Bohemian style is characterized by
free-flowing fabrics, bright colours, and a multitude of clashing patterns,
textures and materials. Heavily inspired by the1960’s and 1970’s free spirited
way of life, it is one of the most versatile styles of decoration.
The book opens with the author’s definition
of bohemian style.
is all about telling your story, and being as creative as you like. Every
bohemian home is as unique as the person who creates it and the only things
they all have in common are a lack of formality, an incredible sense of
wellbeing and a big dose of unrestrained recklessness.’
The book explains the different takes on bohemian design- whether you are a minimalist Scandinavian, glam, rustic, mid-century maximalist or colour lover- and how you can adapt the style to suit your tastes, needs and budget.
The room by room guide gives a key to mastering bohemian style- something that is often perceived as hard to get right simply because it lacks hard and fast design rules.
The book is dotted with wonderful images that will inspire the reader to create their own bohemian home.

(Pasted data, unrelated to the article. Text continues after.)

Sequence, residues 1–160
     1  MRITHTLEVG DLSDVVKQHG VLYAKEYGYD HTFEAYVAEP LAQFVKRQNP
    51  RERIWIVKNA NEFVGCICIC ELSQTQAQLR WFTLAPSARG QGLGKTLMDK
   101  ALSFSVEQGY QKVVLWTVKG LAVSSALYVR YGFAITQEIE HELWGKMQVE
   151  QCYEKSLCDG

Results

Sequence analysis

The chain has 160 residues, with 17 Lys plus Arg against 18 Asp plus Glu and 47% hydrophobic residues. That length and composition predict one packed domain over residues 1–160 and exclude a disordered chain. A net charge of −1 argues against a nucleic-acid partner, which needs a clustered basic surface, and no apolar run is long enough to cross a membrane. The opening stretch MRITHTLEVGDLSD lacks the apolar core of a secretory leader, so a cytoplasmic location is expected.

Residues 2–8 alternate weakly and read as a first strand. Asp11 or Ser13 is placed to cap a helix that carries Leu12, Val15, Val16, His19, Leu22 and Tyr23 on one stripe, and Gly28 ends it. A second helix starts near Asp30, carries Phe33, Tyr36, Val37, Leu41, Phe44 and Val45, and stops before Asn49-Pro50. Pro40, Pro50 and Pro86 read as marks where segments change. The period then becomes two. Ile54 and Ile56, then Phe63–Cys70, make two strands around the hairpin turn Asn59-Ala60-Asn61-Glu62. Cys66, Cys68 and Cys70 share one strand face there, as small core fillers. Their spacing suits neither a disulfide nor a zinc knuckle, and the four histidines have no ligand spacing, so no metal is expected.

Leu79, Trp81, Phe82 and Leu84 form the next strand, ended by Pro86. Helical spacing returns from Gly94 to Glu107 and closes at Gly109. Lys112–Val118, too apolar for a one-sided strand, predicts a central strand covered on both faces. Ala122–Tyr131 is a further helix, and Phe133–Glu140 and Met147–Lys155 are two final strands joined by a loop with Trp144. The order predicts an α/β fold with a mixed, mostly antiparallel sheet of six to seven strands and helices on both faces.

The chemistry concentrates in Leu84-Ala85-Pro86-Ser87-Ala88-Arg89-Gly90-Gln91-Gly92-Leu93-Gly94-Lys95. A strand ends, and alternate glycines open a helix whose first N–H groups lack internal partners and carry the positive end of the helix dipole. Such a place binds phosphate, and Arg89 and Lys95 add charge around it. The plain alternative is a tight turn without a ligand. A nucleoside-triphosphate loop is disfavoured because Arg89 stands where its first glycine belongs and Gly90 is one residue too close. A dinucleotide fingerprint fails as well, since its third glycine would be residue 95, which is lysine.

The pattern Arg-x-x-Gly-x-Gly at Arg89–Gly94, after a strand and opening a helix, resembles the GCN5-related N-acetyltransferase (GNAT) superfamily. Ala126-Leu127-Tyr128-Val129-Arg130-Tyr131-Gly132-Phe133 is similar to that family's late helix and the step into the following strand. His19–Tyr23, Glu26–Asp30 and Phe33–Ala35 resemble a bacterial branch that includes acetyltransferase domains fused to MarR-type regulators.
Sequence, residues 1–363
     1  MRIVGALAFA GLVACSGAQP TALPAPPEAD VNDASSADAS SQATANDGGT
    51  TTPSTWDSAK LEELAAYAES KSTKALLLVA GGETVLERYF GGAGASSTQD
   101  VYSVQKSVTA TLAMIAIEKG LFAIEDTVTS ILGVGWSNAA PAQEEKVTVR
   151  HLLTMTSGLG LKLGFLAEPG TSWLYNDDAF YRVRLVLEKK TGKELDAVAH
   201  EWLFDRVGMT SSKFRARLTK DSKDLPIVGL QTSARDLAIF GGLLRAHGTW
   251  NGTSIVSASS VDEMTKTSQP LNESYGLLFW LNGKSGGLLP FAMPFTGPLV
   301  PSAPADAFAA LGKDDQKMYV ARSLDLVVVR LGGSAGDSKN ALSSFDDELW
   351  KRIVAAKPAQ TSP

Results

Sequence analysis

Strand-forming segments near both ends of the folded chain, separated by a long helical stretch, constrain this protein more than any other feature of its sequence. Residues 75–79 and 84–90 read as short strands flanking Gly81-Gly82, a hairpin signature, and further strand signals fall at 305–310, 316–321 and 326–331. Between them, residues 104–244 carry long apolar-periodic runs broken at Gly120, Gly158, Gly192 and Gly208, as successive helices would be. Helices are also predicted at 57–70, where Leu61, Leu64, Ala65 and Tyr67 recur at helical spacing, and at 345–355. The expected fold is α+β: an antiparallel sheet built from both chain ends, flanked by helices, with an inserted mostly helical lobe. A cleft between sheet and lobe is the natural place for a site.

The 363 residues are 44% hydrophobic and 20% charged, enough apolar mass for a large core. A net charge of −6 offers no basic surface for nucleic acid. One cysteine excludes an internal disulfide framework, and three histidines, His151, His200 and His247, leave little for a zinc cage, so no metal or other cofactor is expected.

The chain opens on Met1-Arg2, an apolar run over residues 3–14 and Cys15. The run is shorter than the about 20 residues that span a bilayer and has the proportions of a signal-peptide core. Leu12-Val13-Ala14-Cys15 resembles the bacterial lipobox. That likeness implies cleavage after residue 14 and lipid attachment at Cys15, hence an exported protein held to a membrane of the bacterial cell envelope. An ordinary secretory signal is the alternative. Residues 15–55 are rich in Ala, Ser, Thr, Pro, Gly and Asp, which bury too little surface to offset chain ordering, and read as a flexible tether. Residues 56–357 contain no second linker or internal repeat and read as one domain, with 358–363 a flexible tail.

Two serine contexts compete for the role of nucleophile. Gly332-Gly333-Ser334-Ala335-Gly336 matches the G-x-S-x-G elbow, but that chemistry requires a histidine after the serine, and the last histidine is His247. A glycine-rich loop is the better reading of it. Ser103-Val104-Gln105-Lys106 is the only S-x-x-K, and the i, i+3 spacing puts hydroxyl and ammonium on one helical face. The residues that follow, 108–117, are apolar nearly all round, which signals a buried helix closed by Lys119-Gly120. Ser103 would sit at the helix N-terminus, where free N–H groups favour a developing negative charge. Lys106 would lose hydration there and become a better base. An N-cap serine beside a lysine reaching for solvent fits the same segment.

Kate Young is a freelance interior stylist, blogger, social media influencer and writer. Her enormously successful Scandi-Boho blog, Kate Young Design, was nominated for Cosmopolitan Blog of the Year in 2015, and her home has been featured in various publications, including EKBB Mag, and Abigail Ahern’s Interior Crush.
Tabara grew up in Paris but her family originally came from Senegal a country known for its beautiful Senegalese baskets made from local grasses and coloured strings. In 2017, with her sister, she launched La Basketry, a home ware brand designed in collaboration with a group of female basket-weavers from Ngaye Mkeka.
In this, her first book ,she shines a light on the traditional craft of making baskets. However her contemporary designs fit in perfectly with the modern home.
book opens with examples of the history and culture of basket making around the